Spain’s acting PM wants constitutional change to prevent new stalemates
Pedro Sánchez is facing a congressional investiture vote in two weeks but lacks the required support, raising the specter of a fresh general election
Spain’s acting prime minister, Pedro Sánchez of the Socialist Party (PSOE), wants to change the Constitution to prevent situations of deadlock like the one currently affecting Spanish politics. Although the country held a general election on April 28, Sánchez – who won the most votes but fell shy of an overall majority – has been unable to form a government, raising the specter of a repeat election in November.
If so, it would be the fourth national election in under four years, reflecting a new political fragmentation in a country accustomed to decades of two-party dominance by the PSOE and the Popular Party (PP). The economic crisis spawned two protest parties, Podemos and Ciudadanos, while a third group, the far-right Vox, has made significant inroads since its success at the Andalusian election of December 2018.
A government needs absolute internal cohesion, and on matters of state there are deep discrepancies with Unidas Podemos
Acting PM Pedro Sánchez
Following another failed meeting on Tuesday between Sánchez and Pablo Iglesias, head of the leftist Unidas Podemos group, the acting PM said he would call Iglesias on Thursday to try to kick-start “stalled” negotiations. While Sánchez considers Iglesias his natural ally, he is refusing the latter’s demand for a coalition government.
“A government needs absolute internal cohesion, and on matters of state there are deep discrepancies with Unidos Podemos,” said Sánchez on the morning talk show Los Desayunos de TVE.
One of these differences is over the crisis in Catalonia. An independence drive in the northeastern Spanish region in 2017 saw an illegal referendum on independence held in October of that year, followed by a unilateral declaration of independence passed through the regional government. In response, the then-Popular Party government suspended the region’s autonomous powers and sacked the government. A Supreme Court trial of a dozen of the pro-independence leaders has just concluded, and is pending a ruling and possible jail sentences.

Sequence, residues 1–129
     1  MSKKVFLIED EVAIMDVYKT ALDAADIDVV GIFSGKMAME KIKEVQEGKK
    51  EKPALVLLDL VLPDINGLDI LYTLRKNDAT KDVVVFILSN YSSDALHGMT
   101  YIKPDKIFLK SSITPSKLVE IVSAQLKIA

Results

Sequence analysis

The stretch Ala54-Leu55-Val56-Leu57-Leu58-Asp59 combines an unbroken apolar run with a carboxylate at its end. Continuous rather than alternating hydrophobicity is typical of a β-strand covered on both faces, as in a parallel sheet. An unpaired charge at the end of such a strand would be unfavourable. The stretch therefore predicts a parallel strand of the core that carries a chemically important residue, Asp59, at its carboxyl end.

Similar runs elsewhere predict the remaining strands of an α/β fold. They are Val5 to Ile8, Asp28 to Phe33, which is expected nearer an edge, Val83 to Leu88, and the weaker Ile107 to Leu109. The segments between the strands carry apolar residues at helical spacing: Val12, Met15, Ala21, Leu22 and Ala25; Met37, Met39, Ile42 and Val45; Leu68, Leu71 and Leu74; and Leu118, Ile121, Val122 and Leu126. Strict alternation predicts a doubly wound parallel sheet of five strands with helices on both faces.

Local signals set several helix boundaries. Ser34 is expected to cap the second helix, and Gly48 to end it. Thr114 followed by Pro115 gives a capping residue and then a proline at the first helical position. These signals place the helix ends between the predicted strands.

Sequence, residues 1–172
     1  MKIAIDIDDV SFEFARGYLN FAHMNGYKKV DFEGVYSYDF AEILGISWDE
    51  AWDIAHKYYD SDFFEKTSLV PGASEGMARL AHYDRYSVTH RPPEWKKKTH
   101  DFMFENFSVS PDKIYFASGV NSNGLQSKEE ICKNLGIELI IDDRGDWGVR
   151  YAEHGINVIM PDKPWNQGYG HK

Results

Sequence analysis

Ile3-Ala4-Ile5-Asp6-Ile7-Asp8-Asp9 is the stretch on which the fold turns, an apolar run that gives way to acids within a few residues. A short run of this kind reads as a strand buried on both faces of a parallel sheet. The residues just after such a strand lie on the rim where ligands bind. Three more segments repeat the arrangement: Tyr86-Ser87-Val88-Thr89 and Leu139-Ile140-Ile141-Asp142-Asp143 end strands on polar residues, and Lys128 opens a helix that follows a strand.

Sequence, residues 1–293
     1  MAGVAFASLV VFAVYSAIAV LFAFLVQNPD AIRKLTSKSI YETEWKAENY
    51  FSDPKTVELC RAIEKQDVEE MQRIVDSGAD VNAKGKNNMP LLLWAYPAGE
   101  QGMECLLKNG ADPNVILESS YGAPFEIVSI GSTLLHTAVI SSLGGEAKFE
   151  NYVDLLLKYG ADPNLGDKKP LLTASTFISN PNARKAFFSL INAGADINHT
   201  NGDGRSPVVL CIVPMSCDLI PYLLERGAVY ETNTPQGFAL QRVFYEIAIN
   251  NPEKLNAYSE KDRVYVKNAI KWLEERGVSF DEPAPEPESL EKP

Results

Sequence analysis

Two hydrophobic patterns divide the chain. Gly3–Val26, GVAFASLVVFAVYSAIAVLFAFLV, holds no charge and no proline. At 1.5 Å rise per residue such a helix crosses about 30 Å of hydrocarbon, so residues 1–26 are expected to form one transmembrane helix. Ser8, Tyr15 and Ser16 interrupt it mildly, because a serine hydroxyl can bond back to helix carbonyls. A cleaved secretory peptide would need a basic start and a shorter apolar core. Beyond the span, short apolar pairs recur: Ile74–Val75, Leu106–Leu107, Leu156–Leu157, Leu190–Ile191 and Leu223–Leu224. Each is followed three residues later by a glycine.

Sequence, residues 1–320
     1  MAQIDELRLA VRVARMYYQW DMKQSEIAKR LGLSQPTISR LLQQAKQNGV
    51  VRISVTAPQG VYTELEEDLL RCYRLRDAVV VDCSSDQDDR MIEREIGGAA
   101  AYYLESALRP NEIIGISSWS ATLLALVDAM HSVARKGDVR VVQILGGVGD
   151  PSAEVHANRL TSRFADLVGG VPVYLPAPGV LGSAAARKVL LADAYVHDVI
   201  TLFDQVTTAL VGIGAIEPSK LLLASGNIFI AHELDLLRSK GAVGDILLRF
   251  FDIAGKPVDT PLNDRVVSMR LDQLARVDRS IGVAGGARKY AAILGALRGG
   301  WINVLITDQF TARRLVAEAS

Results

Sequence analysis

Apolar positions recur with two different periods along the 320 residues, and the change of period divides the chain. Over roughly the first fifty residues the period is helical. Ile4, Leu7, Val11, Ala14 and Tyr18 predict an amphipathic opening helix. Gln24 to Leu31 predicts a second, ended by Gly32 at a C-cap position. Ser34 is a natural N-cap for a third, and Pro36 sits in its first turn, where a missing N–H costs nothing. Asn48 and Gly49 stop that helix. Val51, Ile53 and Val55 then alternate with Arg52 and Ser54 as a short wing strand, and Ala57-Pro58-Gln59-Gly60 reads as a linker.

“They talk about political prisoners and the PSOE does not, we say there are politicians in prison,” said Sánchez, who is facing a congressional vote in two weeks to get officially back into the prime minister’s office. So far, he lacks enough support to be successful. “It is evident that there are deep differences and discrepancies that could paralyze a joint government with Unidas Podemos due to internal contradictions. My responsibility is not just to guarantee the investiture, but the stability of government as well.”
Podemos has already offered to accept in writing any conditions set out by the PSOE in connection with the handling of the Catalan crisis. But the response by a Socialist leader at party headquarters on Monday was that “people also sign mortgages, and later don’t pay.”
Rather than a coalition government, the acting PM is suggesting that Unidas Podemos could propose independent candidates to hold some Cabinet positions. “Honestly, to me it seems like the most sensible and generous offer in the current situation,” he said.
Meanwhile, Iglesias said he is confident that Sánchez will come around and stop insisting on “a monochrome government.”
“The logical thing would be for us to reach an agreement and be able to share power,” he said.
The PSOE won the April election with 123 seats in Congress, while Unidas Podemos came in fourth with 42 lawmakers, behind the Popular Party (66) and Ciudadanos (57).
Sánchez said that Article 99 of the Constitution, which covers the appointment of the new government leader following a confidence vote in Congress, “is not working.”
Under the current rules, the candidate must secure an absolute majority of votes, or else a simple majority in a second round to be held 48 hours later. If the candidate is not successful, there are two months to make a new proposal, after which the king must dissolve parliament and call fresh elections. This is what happened after the December 2015 election, forcing Spaniards to return to the polls in June.
Sánchez held up local councils as an example to follow: when there is no party with an absolute majority and no cross-party deal to create that majority, the most-voted party automatically gets to form a government.
“We need to find a mechanism to allow investitures and prevent negative coalitions that systematically lead to repeat elections. I am offering a national deal to make this the last time that it happens,” said Sánchez.
But Podemos’ Iglesias does not support the constitutional changes proposed by the Socialist leader because they “go against the spirit of the Constitution.” In Spain, he said, there is a parliamentary system as opposed to other countries with presidential or winner-takes-all systems.
English version by Susana Urra.